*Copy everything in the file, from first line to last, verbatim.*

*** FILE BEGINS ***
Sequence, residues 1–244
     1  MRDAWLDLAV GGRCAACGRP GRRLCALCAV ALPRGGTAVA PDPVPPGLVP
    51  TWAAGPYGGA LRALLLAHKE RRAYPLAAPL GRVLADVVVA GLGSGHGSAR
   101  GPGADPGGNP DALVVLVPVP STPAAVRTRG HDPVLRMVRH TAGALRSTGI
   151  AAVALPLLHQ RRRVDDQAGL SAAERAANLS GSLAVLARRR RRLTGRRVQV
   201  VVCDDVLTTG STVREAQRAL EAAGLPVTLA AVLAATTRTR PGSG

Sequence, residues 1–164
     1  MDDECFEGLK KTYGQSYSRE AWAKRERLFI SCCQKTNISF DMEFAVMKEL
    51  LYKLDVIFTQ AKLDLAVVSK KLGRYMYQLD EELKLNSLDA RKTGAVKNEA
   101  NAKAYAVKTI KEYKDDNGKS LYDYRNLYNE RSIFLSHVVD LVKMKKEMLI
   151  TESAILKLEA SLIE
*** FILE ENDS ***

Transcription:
Sequence, residues 1–244
     1  MRDAWLDLAV GGRCAACGRP GRRLCALCAV ALPRGGTAVA PDPVPPGLVP
    51  TWAAGPYGGA LRALLLAHKE RRAYPLAAPL GRVLADVVVA GLGSGHGSAR
   101  GPGADPGGNP DALVVLVPVP STPAAVRTRG HDPVLRMVRH TAGALRSTGI
   151  AAVALPLLHQ RRRVDDQAGL SAAERAANLS GSLAVLARRR RRLTGRRVQV
   201  VVCDDVLTTG STVREAQRAL EAAGLPVTLA AVLAATTRTR PGSG

Sequence, residues 1–164
     1  MDDECFEGLK KTYGQSYSRE AWAKRERLFI SCCQKTNISF DMEFAVMKEL
    51  LYKLDVIFTQ AKLDLAVVSK KLGRYMYQLD EELKLNSLDA RKTGAVKNEA
   101  NAKAYAVKTI KEYKDDNGKS LYDYRNLYNE RSIFLSHVVD LVKMKKEMLI
   151  TESAILKLEA SLIE